At present, it is still controversial to use the spinal tilt angle of more than 10° or 15° as a diagnostic criterion for Pisa syndrome. Therefore, the incidence of Pisa syndrome in patients with PD is also inconsistent. Tinazzi et al14 used a spinal tilt angle of more than 10° as a diagnostic criterion. A total of 1631 patients with PD were counted, and 143 of them had Pisa syndrome, with an incidence of approximately 8.8%. Pisa syndrome symptoms can be divided into acute, subchronic, and chronic, and most patients have chronic Pisa syndrome.14 Acute Pisa syndrome in patients with PD is associated with the initiation of anti-PD drugs and dose adjustment.15 The study found that the greater the daily dose of levodopa, the greater the likelihood of Pisa syndrome in patients with PD, and that levodopa combined with dopamine agonists may be more prone to Pisa syndrome.14 The reported patient had Pisa syndrome after adjusting the dose of levodopa/benserazide and pramipexole for 1 year. The symptom was mild at the time of onset, and gradually worsened, showing chronic progression. Therefore, we believe that the appearance of Pisa syndrome in this patient may have little to do with drug adjustment, but may be related to the progression of PD.
To improve the limb stiffness, the dose of levodopa/benserazide was increased, and the motor symptom was alleviated, but the lateral deviation of the spine was not relieved, indicating that the Pisa syndrome had little relationship with the motor symptom. After the use of quetiapine for visual hallucinations, the patient's Pisa syndrome was significantly relieved, and the symptom disappeared completely after taking the drug for 1 month.
There is currently no specific effective treatment for Pisa syndrome in patients with PD. Anti-PD–associated Pisa syndrome, after discontinuation or drug dose adjustment, some patients can be alleviated,4–10,12 so it can be used as a first-line treatment option.15 It has been reported5 that patients with PD had Pisa syndrome in the off period, and the symptom was relieved after increasing the dose of levodopa. In addition, injection of botulinum toxin,16 rehabilitation,16 and Deep Brain Stimulation17,18 may be effective.
Some non-PD patients have subacute Pisa syndrome associated with antipsychotics, including atypical antipsychotics.19–22 In addition, antidepressants,23,24 cholinesterase inhibitors,25,26 and antiemetics27 have been reported. The mechanism is still unclear. It may be that the abovementioned drugs directly or indirectly affect the dopamine-acetylcholine balance through neurotransmitters such as dopamine and serotonin (5-HT). Quetiapine is able to relieve Pisa syndrome in patients with PD and is also associated with dopamine-acetylcholine balance, and there may be other mechanisms.
The pathogenesis of Pisa syndrome is associated with a variety of factors, including sensory input (visual, proprioception, and vestibular), cortical sensorimotor integration, basal ganglia, and trunk muscle.15 A variety of neurotransmitters are involved in the regulation of cortical and basal ganglia function. Drug-related Pisa syndrome may be associated with the imbalance in dopamine-choline leading to dysfunction of the cortex and basal ganglia.2 Dopamine replacement therapy further aggravates basal ganglia dysfunction caused by dopaminergic neuron loss and changes in dopamine receptor sensitivity.28 Anti-PD drugs causing or alleviating Pisa syndrome may be due to the regulation of neurotransmitters. Quetiapine binds to dopamine D2 and 5-HT receptors, and we hypothesize that quetiapine also regulates dopamine-acetylcholine balance by regulating D2 and 5-HT to treat Pisa syndrome.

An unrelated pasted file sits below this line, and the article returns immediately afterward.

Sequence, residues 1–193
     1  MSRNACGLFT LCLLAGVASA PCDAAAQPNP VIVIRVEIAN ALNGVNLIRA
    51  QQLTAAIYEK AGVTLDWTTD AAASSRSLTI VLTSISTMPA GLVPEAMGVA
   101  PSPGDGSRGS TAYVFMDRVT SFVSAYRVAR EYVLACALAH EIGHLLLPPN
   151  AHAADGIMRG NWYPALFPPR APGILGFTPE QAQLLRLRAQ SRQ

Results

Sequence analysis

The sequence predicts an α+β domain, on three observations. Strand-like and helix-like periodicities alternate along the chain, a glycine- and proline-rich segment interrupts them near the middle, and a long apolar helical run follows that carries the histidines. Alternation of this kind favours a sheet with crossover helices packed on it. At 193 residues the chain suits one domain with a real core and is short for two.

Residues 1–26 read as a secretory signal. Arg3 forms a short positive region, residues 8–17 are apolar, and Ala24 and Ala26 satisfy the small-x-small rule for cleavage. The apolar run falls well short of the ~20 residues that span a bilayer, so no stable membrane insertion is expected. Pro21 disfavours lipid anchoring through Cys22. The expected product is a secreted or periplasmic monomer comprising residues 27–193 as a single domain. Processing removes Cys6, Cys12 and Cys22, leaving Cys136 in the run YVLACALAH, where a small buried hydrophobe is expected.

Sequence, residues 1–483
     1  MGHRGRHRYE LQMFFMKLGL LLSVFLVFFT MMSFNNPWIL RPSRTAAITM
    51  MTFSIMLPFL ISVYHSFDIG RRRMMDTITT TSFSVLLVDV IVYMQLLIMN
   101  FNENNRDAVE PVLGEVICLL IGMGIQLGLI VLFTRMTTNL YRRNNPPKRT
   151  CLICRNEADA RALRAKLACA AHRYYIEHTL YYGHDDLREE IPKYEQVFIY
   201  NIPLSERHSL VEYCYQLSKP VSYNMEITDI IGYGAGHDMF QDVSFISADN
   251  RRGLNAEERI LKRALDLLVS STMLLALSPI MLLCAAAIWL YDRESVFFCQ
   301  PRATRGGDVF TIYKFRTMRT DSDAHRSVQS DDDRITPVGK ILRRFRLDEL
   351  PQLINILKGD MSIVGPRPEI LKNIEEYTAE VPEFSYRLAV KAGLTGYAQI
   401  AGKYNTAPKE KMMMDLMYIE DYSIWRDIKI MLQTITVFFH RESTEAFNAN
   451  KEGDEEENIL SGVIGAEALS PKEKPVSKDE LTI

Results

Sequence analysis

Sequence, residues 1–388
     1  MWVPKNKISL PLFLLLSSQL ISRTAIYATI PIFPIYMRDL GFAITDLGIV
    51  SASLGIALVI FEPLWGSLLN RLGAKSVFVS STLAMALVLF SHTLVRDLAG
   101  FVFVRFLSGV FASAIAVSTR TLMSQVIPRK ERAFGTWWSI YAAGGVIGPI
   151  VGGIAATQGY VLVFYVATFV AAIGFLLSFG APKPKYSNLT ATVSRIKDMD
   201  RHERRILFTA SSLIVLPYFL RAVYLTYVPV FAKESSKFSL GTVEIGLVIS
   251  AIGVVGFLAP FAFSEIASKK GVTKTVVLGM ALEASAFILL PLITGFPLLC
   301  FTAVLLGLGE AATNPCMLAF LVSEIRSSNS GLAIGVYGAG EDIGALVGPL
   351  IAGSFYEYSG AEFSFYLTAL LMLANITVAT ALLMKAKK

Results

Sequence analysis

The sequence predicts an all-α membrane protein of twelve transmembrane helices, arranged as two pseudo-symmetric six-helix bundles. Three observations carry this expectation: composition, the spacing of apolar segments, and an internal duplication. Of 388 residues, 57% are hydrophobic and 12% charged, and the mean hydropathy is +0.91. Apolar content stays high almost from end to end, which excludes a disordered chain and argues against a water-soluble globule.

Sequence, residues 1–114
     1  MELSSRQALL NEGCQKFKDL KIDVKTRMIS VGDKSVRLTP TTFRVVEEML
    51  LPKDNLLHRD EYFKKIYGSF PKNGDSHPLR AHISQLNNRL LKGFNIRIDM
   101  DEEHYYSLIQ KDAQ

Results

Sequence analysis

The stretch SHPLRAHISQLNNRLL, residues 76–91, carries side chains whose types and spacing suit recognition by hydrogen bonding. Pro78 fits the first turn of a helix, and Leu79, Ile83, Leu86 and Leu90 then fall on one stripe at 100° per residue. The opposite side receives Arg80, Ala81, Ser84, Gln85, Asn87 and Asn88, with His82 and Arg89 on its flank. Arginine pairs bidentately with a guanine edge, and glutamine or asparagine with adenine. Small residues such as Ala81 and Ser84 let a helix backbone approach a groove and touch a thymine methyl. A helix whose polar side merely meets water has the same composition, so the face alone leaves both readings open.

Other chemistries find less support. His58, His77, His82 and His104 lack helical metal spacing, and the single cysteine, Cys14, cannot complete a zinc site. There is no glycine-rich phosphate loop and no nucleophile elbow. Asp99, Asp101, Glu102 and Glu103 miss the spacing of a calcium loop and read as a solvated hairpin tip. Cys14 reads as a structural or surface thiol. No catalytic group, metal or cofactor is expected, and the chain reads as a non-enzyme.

When patients with Pisa syndrome are supine, the tilt of the spine can be relieved obviously. This kind of action, not mechanical effect, can alleviate the abnormal posture. It is similar to the sensory trick of dystonia. Therefore, some scholars believe that there may be a relationship between Pisa syndrome and dystonia.14,29,30 It has been reported that atypical antipsychotic drug clozapine is effective for dystonia.31–34 Combined with our case reports, Pisa syndrome may have similar mechanisms and treatment options to dystonia to some extent.
We report for the first time that quetiapine relieved Pisa syndrome in a patient with PD, and we hope to provide new ideas for the pathogenesis and treatment of Pisa syndrome.
At present, the patient's lateral lean has basically disappeared, and the forward lean while walking has no significant change compared with a few months ago. After the patient was treated with quetiapine, her lateral tilt was significantly relieved, whereas the forward tilt was aggravated. I will continue to observe changes in the patient's condition.